Sometimes your eye doctor will make recommendations on how your child should be wearing their glasses. Sometimes it could be full-time, sometimes just for school work. Most of the time there won’t be specific recommendations and it will be up to you as the parent to make sure your child wears their glasses.

Remember your child being able to see is directly related to how well they do at school so keep an eye out for any of the warning signs that they might be having vision problems.

Does your child wear prescription glasses? When did you first notice? Let me know below! As always thank you all for stopping by at Eye Health Headquarters, if you have any comments, or questions don’t hesitate to leave them in the comment box below and I will get back to you as soon as I┬ácan.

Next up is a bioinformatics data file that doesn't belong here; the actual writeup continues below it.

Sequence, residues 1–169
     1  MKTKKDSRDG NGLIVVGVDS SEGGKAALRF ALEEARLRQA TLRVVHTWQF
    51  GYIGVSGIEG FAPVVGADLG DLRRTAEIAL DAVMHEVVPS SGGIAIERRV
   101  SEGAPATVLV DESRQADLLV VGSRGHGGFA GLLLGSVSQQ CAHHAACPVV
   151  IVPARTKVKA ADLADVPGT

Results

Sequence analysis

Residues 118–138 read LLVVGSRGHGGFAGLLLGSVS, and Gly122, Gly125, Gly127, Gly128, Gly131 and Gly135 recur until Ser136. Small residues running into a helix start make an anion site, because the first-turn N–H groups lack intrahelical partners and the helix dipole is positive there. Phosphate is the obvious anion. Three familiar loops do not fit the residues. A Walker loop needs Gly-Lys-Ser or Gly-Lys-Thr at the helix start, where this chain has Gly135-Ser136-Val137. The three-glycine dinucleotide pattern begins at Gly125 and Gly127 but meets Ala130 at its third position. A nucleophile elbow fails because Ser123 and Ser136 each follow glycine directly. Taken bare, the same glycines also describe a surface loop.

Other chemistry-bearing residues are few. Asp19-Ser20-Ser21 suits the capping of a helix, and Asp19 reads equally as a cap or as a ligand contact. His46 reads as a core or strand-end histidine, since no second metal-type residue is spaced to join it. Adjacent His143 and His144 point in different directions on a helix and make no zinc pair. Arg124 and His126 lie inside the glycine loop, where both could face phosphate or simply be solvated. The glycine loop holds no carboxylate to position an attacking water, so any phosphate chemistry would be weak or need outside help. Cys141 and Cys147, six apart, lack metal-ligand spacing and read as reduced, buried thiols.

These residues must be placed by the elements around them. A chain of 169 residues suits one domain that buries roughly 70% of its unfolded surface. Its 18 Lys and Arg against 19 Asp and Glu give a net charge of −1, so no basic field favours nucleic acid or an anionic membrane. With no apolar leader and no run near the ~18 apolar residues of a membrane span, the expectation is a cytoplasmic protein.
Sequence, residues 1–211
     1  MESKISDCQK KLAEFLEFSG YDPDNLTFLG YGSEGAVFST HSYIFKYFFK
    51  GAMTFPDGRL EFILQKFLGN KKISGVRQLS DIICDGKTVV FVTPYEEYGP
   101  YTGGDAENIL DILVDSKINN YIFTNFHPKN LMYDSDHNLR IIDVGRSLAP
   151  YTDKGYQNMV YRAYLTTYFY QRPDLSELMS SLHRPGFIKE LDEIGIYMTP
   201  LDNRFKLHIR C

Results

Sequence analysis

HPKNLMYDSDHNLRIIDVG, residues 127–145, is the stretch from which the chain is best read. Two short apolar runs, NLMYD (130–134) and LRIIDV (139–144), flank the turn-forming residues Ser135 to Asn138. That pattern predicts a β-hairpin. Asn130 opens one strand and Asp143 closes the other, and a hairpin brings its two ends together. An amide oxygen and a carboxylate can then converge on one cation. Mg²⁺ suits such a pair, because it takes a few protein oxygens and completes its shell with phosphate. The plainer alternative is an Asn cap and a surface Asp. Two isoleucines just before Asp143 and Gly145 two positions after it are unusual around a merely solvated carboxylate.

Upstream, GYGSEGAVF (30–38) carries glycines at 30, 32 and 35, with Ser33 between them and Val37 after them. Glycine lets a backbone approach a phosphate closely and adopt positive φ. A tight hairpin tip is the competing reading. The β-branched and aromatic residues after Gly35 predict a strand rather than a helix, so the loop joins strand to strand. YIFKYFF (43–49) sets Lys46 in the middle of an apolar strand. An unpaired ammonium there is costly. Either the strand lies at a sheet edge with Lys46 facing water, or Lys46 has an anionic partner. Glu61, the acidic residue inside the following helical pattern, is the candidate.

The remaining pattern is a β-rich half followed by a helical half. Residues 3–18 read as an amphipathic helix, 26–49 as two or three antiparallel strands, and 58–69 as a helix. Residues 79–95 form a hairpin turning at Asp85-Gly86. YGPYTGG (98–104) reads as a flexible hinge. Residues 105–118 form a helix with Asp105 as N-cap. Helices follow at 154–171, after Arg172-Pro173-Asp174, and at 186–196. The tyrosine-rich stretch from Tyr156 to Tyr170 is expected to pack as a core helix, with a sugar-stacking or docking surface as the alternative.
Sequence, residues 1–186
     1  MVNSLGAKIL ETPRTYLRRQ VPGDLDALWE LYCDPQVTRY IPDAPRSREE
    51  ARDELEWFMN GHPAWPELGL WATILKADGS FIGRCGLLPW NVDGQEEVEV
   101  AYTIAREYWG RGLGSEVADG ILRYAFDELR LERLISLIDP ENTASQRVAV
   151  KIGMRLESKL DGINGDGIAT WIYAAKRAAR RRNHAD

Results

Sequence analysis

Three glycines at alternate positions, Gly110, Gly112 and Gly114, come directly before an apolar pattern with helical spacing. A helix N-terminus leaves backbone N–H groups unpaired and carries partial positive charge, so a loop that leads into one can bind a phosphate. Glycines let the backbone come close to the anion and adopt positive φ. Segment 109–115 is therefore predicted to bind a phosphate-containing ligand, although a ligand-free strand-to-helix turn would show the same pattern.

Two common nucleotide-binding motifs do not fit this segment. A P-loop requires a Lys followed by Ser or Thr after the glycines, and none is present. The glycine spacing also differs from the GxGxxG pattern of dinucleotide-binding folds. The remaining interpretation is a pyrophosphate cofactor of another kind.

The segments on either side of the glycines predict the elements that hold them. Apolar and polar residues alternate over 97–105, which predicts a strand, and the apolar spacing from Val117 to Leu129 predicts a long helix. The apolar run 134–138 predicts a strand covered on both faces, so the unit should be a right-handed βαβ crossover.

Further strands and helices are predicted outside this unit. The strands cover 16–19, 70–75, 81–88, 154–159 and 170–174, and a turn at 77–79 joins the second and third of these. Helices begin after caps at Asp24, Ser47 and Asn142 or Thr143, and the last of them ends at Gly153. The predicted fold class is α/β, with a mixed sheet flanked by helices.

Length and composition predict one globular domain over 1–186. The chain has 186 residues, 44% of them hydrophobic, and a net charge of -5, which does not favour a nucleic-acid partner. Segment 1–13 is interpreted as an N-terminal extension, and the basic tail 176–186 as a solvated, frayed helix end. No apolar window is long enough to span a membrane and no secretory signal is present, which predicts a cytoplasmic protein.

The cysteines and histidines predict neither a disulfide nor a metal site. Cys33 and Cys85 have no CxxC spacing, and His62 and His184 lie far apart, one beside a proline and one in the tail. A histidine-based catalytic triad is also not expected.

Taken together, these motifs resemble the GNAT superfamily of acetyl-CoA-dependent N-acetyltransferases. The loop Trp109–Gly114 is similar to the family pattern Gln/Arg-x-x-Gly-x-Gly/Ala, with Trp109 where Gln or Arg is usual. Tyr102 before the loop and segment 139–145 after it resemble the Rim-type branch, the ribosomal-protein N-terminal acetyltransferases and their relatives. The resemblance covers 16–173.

5 thoughts on “Prescription Eyeglasses for Kids – 6 Signs Your Child May Need Glasses”

  1. Thanks for this many tips. I have a daughter but never thought of checking if she might need glasses. I need some sice some years, for reading an my wife too.

    I observe our daughter likes to look very close when she uses her tablet. When doing her homework or writing I haven’t noticed anything.

    She surely sees better than me at close distance. 

    Still I want to make the tests you recommend to make sure she doesn’t have a disadvantage.

    • Hi Stefan, children really should have their eyes checked annually regardless. These signs that you may notice would make it more urgent to get them to an eye doctor for an exam, but children’s eyes are constantly changing and a routine eye exam would make sure there aren’t any problems that you may not notice. Thanks for stopping by!